The skull and crossbones imagery originated in the Late Middle Ages.
Mr. K is comfortable working both large and small for his delicate, highly-detailed works. Inspired by artists of centuries past, one of his skull tattoos (at the very top) reference scenes of war, like “The Battle of the Amazons” a 17th century painting by Peter Paul Rubens. The characters fall over one another, working towards a mutual demise. Contained within the shape of a human skull, we can guess what comes next for the people in this conflict.
The dramatic shadows and glints of light make Silvano Fiato’s highlight the physicality and emotion of each subject.
Inspired by chiaroscuro painter Caravaggio, Silvano Fiato infuses drama into his hyperrealistic body art. He’s always been interested in drawing and painting, but became enamored with tattoos at age 18 after seeing realistic pieces by Robert Hernandez. “I finally realized that what I had always done on paper, it was possible to do on skin,” he told us in an interview. Since then, he has put all his effort into creating awe-inspiring work, opening up his own studio called Eternal Tattoo Studio over 10 years ago.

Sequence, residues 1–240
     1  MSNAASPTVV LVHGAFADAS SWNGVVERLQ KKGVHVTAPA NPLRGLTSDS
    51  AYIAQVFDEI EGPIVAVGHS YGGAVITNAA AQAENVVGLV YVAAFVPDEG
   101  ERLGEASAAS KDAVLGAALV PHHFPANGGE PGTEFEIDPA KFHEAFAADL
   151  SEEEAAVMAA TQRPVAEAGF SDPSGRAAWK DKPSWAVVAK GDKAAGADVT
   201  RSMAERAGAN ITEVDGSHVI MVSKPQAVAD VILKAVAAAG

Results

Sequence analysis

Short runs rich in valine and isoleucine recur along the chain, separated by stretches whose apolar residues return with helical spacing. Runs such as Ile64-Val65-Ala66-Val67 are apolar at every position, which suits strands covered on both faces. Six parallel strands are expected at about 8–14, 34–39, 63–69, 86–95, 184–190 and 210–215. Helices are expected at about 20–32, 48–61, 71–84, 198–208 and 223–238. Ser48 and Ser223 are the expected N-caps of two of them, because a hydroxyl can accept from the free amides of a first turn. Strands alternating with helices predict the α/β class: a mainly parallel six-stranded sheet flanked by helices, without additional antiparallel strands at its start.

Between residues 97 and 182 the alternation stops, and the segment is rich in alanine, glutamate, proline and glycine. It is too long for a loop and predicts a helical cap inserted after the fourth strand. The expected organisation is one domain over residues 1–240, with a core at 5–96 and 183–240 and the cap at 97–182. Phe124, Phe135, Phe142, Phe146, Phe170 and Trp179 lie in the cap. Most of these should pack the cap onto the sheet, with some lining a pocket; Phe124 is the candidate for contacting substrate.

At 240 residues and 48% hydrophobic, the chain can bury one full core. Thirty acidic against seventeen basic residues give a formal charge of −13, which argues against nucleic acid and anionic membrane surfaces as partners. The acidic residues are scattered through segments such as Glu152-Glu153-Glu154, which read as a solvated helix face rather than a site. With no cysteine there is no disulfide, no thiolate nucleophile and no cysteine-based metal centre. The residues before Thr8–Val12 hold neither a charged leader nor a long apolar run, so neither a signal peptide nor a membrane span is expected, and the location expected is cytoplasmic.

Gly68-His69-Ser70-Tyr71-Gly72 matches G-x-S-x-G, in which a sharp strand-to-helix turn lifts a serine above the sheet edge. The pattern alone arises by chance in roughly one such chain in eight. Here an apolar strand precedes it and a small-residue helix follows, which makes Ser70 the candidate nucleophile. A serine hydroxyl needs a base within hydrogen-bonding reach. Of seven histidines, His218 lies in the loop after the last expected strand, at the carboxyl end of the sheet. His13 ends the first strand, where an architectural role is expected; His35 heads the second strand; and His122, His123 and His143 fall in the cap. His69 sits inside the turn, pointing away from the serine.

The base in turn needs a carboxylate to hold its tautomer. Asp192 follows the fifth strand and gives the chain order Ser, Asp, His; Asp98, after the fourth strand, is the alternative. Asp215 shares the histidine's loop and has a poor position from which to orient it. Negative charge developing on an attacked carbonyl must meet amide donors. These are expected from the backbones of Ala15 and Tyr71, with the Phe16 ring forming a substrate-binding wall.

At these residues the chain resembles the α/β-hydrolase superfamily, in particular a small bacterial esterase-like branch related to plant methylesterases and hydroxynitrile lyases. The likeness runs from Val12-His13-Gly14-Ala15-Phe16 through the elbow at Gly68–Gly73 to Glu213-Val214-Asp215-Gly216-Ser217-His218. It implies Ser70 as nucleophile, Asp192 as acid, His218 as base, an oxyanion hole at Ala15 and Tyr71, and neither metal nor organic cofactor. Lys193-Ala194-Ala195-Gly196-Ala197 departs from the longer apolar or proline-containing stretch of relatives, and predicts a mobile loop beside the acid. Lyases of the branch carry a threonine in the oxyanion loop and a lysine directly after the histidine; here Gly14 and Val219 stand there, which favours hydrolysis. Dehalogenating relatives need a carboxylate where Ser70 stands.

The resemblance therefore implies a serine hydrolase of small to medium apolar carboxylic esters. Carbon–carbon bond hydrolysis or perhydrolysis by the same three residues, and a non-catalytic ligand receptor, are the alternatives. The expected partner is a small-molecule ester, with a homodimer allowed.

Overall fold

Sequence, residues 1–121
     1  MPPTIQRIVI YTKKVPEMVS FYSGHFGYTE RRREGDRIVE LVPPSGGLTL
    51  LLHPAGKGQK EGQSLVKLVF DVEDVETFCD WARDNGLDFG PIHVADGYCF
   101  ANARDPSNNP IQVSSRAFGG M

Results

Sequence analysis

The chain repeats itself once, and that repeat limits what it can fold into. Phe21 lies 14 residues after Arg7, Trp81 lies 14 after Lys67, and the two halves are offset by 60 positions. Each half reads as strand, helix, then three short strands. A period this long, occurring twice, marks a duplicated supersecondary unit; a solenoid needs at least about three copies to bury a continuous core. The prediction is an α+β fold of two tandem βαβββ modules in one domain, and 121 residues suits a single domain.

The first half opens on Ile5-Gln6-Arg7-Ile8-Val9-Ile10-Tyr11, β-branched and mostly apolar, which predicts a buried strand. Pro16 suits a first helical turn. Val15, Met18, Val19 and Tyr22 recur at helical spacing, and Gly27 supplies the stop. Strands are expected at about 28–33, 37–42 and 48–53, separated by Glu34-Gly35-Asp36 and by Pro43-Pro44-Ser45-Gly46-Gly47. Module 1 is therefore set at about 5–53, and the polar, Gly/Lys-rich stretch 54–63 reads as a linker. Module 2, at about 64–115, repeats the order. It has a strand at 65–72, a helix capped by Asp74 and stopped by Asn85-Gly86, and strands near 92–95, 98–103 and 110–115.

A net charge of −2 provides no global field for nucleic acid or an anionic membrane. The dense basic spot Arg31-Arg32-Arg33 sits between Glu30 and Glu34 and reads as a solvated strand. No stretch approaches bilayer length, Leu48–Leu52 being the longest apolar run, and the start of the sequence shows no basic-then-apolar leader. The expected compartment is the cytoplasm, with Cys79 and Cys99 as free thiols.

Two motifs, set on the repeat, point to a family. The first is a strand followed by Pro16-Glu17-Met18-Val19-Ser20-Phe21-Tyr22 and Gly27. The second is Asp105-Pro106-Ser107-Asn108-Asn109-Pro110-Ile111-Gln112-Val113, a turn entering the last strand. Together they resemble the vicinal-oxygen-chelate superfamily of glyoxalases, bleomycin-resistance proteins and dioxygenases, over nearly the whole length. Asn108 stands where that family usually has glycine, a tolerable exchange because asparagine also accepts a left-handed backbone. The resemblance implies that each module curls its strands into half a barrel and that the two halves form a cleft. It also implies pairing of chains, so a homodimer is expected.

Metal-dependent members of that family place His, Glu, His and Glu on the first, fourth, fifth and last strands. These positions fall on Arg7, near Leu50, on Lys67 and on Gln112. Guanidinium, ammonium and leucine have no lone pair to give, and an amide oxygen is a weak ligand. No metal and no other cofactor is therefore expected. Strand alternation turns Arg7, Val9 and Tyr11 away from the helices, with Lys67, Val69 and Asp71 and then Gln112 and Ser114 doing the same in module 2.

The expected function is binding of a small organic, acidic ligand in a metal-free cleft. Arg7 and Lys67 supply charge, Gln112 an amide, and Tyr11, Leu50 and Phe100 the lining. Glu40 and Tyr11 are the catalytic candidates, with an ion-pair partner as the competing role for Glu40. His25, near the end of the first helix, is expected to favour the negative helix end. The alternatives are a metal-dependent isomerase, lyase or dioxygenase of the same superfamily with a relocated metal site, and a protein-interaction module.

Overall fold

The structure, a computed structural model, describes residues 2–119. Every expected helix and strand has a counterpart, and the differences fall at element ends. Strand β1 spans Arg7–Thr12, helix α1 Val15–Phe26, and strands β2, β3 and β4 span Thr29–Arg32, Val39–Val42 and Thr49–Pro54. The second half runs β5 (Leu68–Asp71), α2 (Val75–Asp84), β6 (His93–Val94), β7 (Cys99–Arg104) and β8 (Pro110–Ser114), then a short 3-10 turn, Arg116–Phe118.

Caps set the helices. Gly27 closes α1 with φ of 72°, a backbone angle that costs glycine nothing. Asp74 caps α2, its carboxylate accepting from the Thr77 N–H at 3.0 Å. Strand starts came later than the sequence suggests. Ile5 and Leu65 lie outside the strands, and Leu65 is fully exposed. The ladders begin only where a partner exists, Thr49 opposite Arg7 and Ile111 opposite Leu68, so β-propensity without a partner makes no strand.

AD Pancho is adept at portraiture and also creates faithful reproductions of popular figures in pop culture.
Artist AD Pancho specializes in color realism and creates incredible three-dimensional-looking pieces by blending deep hues. Known for skull tattoos and pop culture portraits, the designs retain their vibrancy—when comparing one of his freshly-inked design with a piece he did a year ago, the colors are equally as brilliant.
The skull’s darkened eyes stand in stark contrast to the whites of the tiger’s eyes.